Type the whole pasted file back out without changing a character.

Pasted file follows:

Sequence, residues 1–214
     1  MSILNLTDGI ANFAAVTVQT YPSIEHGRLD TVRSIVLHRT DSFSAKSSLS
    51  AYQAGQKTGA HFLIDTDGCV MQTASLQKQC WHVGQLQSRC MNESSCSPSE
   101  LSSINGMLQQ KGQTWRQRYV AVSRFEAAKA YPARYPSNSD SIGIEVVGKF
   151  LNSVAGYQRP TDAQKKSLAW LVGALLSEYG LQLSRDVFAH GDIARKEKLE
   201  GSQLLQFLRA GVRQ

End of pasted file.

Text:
Sequence, residues 1–214
     1  MSILNLTDGI ANFAAVTVQT YPSIEHGRLD TVRSIVLHRT DSFSAKSSLS
    51  AYQAGQKTGA HFLIDTDGCV MQTASLQKQC WHVGQLQSRC MNESSCSPSE
   101  LSSINGMLQQ KGQTWRQRYV AVSRFEAAKA YPARYPSNSD SIGIEVVGKF
   151  LNSVAGYQRP TDAQKKSLAW LVGALLSEYG LQLSRDVFAH GDIARKEKLE
   201  GSQLLQFLRA GVRQ